Going towards Calver Street, she thought suddenly of the Glory Hole. Wherever you went, you came to the edge of it.

That night, Augusta and John had a thunder-and-lightning row. Eliza didn't hear it all, but part of it was about the British Empire. A few days later, the corded tin trunks were out in the hall again, and Sandra was told she couldn't take her hobby-horse, it was too clumsy to pack.

‘Where are we going, Mummy?’

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‘To Australia,’ said Augusta. ‘Your Uncle Rufus sent the passage money.’

John said, ‘If you insist on making a fool of yourself,’ and slammed out of the house. Carly ventured timidly, ‘Is Daddy coming, Mummy?’

Augusta looked at her, with grey eyes perfectly blank, like stones in water. Eliza had seen them like that before, but not Carly.

‘Hold your tongue, Carlotta.’

Carly's mouth quivered. She crept away silently to tell her dolls, Mr Trinkle and Mrs Trimble, squatting like an old Kaffir woman beside the green packing-case doll-house. John had got tired of making it, so it had no front, but stood wide open. In the apex, which Eliza should have kept clean, strands of cobweb puffed, filtering dust. Eliza's dolls, though christened with grandiose names—Athene, Andromeda, Perseus, Cressida—were unwashed, unsmacked and irreligious. But Carly loved hers. She told Mr Trinkle and Mrs Trimble that they were going to Australia.

‘And we've got lots of uncles and aunts and great-uncles and greataunts, and grandmother-and-grandfather, and all the little cousins, and the second cousins. And one of our great-uncles was an Admiral and the Shah of Persia gave him a sword. And people in Melbourne said they'd rather have old Dr Devlin drunk than any other doctor sober, and Great-Aunt Christobel is very witty.’

The polite Japanese faces of the dolls looked unimpressed; a sunbeam flew in, making a patch of wobble against blue walls. Carly tried to feel, ‘Poor Daddy,’ but in the curled-up place, inside her heart, she couldn't.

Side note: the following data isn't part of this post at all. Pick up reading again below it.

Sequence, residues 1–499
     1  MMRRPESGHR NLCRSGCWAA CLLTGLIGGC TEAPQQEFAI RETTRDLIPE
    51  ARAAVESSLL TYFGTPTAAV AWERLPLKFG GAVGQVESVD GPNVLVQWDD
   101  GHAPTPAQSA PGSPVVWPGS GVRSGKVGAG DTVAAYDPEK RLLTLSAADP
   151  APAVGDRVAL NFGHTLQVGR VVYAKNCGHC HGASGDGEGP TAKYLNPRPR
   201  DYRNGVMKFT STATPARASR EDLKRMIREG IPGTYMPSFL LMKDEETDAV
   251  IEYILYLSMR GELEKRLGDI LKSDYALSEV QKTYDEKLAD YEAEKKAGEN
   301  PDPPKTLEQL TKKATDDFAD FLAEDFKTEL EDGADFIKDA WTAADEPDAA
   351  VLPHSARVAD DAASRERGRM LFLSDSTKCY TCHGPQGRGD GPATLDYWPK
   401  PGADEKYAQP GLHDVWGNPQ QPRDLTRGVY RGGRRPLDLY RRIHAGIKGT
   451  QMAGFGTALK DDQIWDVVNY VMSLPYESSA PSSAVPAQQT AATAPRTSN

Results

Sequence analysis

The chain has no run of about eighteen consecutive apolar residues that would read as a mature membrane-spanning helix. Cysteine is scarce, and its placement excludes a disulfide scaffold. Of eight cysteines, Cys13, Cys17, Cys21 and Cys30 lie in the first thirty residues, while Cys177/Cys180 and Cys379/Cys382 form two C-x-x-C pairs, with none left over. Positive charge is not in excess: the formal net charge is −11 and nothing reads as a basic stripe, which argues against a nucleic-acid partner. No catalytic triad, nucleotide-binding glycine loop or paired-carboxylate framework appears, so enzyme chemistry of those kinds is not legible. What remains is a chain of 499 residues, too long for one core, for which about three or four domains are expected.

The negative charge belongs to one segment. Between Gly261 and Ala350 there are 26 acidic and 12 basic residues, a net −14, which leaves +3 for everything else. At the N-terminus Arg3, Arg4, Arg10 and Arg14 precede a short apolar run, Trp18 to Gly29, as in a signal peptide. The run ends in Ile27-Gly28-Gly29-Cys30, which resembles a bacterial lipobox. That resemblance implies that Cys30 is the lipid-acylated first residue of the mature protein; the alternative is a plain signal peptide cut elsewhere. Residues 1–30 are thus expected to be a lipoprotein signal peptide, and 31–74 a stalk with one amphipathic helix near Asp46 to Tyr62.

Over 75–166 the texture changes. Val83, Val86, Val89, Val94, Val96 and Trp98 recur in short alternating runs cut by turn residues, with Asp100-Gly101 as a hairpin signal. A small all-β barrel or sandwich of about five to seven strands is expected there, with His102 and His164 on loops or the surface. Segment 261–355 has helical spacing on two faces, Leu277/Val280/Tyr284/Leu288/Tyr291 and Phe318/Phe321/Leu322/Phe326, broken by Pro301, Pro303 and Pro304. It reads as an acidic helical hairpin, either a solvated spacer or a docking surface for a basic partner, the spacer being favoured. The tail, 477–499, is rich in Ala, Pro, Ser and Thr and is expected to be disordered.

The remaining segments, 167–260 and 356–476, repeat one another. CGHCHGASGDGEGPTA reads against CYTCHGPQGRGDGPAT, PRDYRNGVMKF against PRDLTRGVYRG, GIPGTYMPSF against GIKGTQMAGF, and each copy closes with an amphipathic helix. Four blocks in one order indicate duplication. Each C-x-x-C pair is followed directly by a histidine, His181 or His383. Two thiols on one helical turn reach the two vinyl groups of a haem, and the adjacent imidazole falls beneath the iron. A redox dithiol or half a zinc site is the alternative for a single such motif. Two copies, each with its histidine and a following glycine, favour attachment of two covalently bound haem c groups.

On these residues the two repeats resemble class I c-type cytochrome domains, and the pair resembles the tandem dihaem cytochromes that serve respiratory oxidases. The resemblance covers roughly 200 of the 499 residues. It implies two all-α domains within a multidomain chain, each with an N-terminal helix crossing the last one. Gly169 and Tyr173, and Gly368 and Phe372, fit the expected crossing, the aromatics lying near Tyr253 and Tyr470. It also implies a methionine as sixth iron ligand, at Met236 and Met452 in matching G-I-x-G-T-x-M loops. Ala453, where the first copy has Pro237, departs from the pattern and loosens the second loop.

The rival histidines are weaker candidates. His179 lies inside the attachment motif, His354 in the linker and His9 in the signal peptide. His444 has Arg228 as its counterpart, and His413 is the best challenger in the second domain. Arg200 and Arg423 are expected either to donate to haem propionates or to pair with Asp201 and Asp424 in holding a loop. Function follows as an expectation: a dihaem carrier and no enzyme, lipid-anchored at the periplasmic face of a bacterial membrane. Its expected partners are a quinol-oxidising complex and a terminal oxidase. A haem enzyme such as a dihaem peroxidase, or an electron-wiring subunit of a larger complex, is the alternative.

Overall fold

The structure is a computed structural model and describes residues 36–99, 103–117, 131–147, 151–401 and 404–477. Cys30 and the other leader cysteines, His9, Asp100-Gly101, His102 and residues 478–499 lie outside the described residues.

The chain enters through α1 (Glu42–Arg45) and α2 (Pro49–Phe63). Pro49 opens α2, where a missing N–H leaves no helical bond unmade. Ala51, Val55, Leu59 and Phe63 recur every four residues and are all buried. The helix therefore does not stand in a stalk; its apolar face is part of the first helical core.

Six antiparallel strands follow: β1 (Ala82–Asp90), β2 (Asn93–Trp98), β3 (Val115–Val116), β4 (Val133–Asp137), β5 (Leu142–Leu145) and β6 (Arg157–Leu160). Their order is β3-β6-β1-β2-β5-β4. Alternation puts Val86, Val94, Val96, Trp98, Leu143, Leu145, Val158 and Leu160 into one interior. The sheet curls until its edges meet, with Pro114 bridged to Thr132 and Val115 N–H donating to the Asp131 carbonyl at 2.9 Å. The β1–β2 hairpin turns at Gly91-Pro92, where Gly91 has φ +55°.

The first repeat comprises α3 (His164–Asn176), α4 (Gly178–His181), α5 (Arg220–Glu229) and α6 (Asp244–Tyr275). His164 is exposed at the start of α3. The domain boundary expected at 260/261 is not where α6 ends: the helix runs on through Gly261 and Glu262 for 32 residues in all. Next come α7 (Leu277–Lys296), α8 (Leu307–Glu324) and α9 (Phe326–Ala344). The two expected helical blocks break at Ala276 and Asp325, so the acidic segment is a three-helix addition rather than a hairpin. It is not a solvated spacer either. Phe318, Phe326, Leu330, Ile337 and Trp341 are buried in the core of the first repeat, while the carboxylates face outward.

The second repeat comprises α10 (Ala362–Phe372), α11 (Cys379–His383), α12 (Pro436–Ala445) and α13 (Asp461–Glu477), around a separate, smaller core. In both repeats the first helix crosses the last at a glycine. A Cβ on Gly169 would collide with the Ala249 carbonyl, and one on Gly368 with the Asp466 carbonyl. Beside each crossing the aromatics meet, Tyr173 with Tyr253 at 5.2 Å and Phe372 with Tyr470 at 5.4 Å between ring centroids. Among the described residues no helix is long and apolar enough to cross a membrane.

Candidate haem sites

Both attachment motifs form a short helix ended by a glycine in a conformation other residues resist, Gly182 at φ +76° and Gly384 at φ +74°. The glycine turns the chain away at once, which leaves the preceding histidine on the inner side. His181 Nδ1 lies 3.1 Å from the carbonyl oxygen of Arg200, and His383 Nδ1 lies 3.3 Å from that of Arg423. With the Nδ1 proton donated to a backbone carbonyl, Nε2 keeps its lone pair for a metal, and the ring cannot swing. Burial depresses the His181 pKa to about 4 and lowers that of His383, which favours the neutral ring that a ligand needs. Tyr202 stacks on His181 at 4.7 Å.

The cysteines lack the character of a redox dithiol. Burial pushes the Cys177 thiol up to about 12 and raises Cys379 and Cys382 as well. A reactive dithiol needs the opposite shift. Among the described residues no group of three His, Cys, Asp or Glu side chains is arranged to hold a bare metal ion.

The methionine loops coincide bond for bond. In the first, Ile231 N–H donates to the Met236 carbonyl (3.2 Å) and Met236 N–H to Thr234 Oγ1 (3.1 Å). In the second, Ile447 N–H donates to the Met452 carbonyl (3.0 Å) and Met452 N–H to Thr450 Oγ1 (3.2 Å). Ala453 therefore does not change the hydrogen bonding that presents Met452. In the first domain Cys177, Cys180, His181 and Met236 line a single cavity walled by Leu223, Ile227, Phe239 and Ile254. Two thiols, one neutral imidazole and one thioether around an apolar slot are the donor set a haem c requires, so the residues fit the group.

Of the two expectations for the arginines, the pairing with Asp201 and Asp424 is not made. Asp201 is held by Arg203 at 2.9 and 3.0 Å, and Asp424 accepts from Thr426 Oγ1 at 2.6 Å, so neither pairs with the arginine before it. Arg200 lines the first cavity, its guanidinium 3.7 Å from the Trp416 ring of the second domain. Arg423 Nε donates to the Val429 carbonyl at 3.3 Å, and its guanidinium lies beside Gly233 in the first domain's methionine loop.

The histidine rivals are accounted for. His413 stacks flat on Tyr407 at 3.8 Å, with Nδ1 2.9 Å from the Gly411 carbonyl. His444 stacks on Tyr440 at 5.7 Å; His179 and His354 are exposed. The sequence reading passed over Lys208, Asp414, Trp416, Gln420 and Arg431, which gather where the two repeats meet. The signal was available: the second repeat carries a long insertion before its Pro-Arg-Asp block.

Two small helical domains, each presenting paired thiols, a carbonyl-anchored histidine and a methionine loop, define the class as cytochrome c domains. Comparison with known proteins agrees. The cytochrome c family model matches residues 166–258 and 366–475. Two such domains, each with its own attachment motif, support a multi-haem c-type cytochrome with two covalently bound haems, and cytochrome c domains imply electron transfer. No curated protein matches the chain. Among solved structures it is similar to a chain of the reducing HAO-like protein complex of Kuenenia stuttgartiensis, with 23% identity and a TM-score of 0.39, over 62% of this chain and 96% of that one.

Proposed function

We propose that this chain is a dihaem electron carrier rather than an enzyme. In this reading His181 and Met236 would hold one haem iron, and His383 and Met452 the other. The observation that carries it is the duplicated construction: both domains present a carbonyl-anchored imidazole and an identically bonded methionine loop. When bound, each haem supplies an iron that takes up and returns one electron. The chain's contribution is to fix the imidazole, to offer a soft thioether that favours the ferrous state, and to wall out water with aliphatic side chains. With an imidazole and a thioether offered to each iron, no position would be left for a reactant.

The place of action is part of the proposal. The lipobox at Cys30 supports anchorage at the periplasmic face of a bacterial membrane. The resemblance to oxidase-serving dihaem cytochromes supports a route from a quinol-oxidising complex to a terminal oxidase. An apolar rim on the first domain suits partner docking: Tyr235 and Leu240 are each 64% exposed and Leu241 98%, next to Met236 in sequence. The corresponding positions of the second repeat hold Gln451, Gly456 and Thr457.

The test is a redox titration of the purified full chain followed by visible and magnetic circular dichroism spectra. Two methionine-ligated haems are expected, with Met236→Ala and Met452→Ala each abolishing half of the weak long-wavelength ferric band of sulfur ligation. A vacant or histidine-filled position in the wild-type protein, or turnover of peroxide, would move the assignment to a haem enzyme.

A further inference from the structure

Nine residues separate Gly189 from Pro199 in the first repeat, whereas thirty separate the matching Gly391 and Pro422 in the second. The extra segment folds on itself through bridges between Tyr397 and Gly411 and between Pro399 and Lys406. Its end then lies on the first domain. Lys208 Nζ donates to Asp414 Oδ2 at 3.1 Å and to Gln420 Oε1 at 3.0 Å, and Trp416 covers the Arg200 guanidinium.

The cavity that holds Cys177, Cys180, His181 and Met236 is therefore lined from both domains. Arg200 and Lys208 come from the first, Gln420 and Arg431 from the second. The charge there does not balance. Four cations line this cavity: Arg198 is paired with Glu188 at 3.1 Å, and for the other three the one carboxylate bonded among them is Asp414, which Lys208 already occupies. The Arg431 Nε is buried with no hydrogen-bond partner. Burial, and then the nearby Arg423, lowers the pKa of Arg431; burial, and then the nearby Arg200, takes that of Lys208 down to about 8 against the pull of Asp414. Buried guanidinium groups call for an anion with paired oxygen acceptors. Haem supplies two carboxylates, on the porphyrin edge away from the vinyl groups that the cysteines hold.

That night they played they had fowls, and had to leave them behind when they went to Australia.

‘Mine was called Speckly,’ said Sandra. ‘She used to lay lots of eggs every day; an’ we had her boiled.’

‘Mine was Whitey,’ said Eliza. ‘She was a Leghorn.’

Sandra's inexorable little voice said, ‘An’ we had her roasted.’ Inexplicably, Eliza's heart felt torn in two.

‘No, we didn't,’ she said. ‘You can't roast Whitey.’

‘Yes, we did,’ said Sandra. ‘We chased her and wrung her neck and cut her head off and had her roasted for dinner. She never laid any eggs, anyhow.’

Eliza choked out: ‘She did,’ and began to cry in great sobs. A patch of cold at the back of her head told her, ‘You know if you start you can't stop,’ but she didn't care. She heard her own sobs louder and louder, and they seemed quite separate from herself. Carly pattered across the floor, a ghost in her nightgown.

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‘Don't Eliza. You know you're only putting it on to make a scene, and Mummy'll hear you. I promise we won't kill your fowl if you stop before she hears, I promise truly. Your fowl does lay eggs.’

‘She hasn't got a real fowl,’ said Sandra dispassionately.

Don't’ Carly implored. But their voices, and the restless knuckletapping of the wattle tree against the window, and the small flame when Augusta, her hair down, held up the lamp and said, ‘What is this?’ were all irrelevant. Then John came in, and said he couldn't understand her. ‘Stop that row, you're making my head ache.’ Blue waves slid easily out, rippling into dark, and John was a rough shadow at the bottom of the bed.

‘It's cold,’ he said miserably. ‘I'il put another coat over you.’ She felt the soft, thick weight of cloth flung down. It was time to go to sleep, time to let sobbing become monotonous and soft as the waves on a still day at Island Bay. There were prawns in the pools, green prawns with transparent bodies like wave-colour, and they caught them in nets made out of canary-seed bags.